Private investment is the lifeblood of the global economy. Getting into the competitive field of private investment management will be a challenge, but with dedication, knowledge and no small amount of luck, you and your clients will be successful.
Determine what you'll be investing in. Figure out if your investment company is going to focus on a particular niche of some marketplace, or if you're going to try to invest in almost everything. The most typical asset class private investment companies transact in are stocks and bonds, but many have also branched out into commodity futures, foreign exchange and a variety of option strategies.
Organise your company. If you're the owner/operator, this is relatively easy. You have to decide what areas you're going to invest in and properly allocate your capital according to your areas of focus. If you're going to start off with a larger operation, including several employees, think about organising your company along departmental lines. Have a department for stocks, a department for bonds, commodities, currencies, as well as a department for investor affairs and other administrative issues, each headed by a senior subordinate.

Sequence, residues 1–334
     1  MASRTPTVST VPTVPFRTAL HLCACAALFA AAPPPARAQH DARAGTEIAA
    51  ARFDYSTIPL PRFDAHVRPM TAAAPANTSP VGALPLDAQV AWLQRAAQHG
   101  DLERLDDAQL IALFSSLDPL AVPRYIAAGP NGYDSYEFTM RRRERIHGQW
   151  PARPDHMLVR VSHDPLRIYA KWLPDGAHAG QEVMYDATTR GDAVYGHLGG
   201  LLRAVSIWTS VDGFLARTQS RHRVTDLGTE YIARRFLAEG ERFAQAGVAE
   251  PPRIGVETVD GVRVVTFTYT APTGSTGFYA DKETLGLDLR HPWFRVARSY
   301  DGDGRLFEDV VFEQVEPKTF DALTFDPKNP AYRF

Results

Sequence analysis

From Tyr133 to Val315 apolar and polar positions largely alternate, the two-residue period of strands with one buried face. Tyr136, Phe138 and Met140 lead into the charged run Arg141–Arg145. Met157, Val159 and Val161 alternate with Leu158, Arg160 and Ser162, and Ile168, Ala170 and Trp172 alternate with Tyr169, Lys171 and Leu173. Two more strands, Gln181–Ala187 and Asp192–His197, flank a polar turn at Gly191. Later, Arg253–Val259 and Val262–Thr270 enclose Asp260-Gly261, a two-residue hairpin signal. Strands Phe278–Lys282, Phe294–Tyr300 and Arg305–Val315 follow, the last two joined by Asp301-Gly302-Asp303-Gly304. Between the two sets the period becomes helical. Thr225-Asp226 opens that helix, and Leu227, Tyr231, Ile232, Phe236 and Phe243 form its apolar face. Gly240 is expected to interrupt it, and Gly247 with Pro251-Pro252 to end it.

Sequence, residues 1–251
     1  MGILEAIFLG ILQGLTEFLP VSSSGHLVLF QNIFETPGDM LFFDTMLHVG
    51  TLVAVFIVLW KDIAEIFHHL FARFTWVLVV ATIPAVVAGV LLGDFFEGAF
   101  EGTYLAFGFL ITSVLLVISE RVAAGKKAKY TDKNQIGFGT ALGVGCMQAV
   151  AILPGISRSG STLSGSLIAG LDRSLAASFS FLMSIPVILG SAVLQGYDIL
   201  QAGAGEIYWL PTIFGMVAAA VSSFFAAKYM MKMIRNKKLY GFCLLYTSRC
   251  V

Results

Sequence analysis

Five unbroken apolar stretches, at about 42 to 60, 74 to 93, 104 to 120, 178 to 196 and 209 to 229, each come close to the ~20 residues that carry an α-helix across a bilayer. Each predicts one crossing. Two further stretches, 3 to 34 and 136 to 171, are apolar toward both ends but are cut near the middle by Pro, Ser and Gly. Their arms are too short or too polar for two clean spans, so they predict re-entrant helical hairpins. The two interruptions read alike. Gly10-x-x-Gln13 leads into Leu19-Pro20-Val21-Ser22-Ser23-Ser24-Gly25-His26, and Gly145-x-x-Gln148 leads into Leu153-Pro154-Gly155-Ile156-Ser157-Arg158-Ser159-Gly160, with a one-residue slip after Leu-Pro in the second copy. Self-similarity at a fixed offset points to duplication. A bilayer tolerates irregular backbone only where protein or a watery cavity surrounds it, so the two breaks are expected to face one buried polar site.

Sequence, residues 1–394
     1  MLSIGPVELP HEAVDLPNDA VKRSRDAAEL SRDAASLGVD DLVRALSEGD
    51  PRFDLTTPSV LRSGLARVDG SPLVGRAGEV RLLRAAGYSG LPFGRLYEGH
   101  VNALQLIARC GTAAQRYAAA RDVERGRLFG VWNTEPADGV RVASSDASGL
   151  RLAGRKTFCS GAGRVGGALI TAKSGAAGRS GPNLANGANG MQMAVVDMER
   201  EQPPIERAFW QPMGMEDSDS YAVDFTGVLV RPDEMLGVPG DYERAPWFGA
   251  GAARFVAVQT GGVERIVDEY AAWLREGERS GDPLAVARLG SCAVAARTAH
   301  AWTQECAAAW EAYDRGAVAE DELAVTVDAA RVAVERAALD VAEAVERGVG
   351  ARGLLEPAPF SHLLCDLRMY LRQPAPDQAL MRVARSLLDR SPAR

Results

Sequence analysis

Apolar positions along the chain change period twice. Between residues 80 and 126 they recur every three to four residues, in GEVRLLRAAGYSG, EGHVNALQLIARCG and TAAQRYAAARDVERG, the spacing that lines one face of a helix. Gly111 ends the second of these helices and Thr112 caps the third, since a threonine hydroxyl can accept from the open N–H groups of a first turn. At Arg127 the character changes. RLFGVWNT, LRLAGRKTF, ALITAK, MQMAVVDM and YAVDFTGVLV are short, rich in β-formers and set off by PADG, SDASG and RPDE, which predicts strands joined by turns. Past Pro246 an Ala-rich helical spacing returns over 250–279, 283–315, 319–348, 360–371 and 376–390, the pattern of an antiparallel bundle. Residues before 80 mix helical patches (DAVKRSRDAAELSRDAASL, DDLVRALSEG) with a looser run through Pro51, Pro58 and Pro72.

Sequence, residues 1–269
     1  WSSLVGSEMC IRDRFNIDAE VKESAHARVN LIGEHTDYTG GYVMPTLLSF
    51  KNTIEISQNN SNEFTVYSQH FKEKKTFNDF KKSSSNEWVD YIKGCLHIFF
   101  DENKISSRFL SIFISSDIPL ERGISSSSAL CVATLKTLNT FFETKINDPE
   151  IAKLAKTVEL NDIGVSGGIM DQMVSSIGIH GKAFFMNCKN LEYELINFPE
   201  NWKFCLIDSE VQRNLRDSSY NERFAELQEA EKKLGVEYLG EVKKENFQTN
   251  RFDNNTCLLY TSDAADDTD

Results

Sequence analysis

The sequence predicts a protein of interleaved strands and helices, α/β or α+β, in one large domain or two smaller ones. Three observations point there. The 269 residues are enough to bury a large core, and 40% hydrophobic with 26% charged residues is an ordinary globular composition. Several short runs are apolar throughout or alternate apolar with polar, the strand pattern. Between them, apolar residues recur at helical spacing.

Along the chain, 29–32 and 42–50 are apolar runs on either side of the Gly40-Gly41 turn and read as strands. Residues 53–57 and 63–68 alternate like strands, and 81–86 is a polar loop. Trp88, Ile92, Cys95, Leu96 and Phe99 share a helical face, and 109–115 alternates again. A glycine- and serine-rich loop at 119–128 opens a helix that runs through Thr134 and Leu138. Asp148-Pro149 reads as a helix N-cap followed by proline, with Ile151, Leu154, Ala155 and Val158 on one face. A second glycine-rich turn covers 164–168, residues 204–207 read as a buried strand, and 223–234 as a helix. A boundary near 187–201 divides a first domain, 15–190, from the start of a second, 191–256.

Choose your legal entity. Most investment companies are organised as either a C corporation, S-Corporation, Limited Partnership, or Limited Liability Company. Also confer with your accountant about what kind of tax status to elect. For example, if you form as an LLC, you can either be taxed as an LLC or as a sub-chapter S corporation.
Register with the appropriate regulatory agencies. Most private investment companies have to register with the Securities and Exchange Commission, but if your company specialises in financial products outside of stocks, it's possible that you might have to register with the Commodity Futures Trading Commission and National Futures Association in addition to (or instead of) the SEC. An accountant specialised in investment management should be able to get you registered with all the right agencies, but you might also need to bring in a securities attorney.
Get investors. Investors can be comprised of either individuals or institutions. Investors are usually required to be wealthy, with a net worth of at least £1.3 million or an annual income in excess of £195,000. Be sure to follow regulatory disclosure requirements from the SEC or CFTC, and be very honest about the risks and rewards your investment strategy entails.